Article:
Mahler Symphony No. 6
BIS 2266 (SACD: 86:16)
This is the second release in Osmo Vänskä’s Mahler cycle for BIS, following a well-received Fifth Symphony last year. It’s a crowded field, of course, but Vänskä has a distinctive take. He also has the benefits of a world-class ensemble in the Minnesota Orchestra and exceptionally fine audio from BIS, both key attributes for any Mahler recording. His slow tempos won’t suit every taste though, suggesting a mixed reception.
At 86:16, this is one of the slowest versions on record—a cursory scan through the catalog brings up Rattle’s 1991 version (EMI 54047) at exactly the same timing (though with a longer first movement and shorter Finale), but most other versions at least five minutes shorter. (That timing also makes this one of the longest-running discs in the catalog too.) Mahler gives no metronome markings, but he clearly expects plenty of rubato, and Vänskä’s phrasing never feels square. The outer movements are furthest from the norm, but neither feels any more weighty or monumental for the slower speeds. Instead, Vänskä uses the space to focus on the details of counterpoint and orchestration, all of which come through with spectacular clarity. The second subject “Alma” theme of the first movement is indicated A Tempo, but here it is significantly faster than the main theme.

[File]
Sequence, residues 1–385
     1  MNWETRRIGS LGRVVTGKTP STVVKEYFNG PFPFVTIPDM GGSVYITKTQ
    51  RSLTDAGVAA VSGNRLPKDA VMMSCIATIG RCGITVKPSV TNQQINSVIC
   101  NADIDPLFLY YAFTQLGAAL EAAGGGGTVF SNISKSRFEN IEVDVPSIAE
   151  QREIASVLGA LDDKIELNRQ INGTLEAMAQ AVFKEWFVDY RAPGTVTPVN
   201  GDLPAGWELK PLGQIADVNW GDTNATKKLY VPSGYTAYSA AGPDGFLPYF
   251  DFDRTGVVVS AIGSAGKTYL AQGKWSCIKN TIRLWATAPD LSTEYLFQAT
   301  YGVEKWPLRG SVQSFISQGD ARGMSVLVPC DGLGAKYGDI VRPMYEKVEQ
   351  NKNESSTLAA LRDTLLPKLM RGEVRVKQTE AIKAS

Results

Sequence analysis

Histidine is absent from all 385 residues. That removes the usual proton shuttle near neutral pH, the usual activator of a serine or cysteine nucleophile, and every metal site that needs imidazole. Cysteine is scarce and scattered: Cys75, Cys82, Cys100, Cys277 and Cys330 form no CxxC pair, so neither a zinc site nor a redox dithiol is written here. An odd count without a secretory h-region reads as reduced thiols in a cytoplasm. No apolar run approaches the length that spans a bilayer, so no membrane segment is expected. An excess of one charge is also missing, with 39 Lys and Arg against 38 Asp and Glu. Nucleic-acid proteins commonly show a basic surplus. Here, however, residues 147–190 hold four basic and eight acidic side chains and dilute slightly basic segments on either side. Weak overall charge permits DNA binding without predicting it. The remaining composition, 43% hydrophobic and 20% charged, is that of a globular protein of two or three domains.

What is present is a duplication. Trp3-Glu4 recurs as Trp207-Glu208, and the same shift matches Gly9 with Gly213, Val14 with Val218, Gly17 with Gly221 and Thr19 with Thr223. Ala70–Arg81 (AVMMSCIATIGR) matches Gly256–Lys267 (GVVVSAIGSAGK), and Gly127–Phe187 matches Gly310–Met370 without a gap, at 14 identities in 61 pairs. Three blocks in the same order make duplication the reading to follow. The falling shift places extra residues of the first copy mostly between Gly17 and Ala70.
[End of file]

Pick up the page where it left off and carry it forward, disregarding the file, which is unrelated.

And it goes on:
The inner movements are ordered Andante-Scherzo, which is my preference (and Mahler’s too, I’d tentatively argue), and both are more conventional with regard to tempos, timing in at 16:10 and 13:18 respectively. The Andante is characterized by gorgeous solos from the English and French horns, while the Scherzo has the appropriate weight, though without Vänskä really emphasizing the lower end of the orchestra.
The slow tempos of the Finale (31:42) rob the music of some urgency, but allow Vänskä to make marked contrasts between the steady primary themes and the much faster and more frenetic intervening episodes. But even right up to the end, the basic tempo remains steady, giving a greater sense of finality to the closing chords and percussion outbursts, even if the line of argument that they conclude by then seems very slender indeed.
As mentioned, the Minnesota Orchestra, playing at their best and recorded by BIS in exceptional SACD surround, makes for a superior audio experience. On my setup, the focus of the orchestral tone is weighted to the center channel—that’s where you’ll hear all of the percussion and brass (even the tuba solo) and most of the woodwind. But it’s still an immersive experience. The sheer clarity of the orchestral detail is extraordinary: Every note of the celesta part, from example, is easily audible. That alone ought to make this release recommendable, though listeners who like a bit more urgency in their Mahler should probably look elsewhere.
This review appears in Fanfare magazine issue 41:6.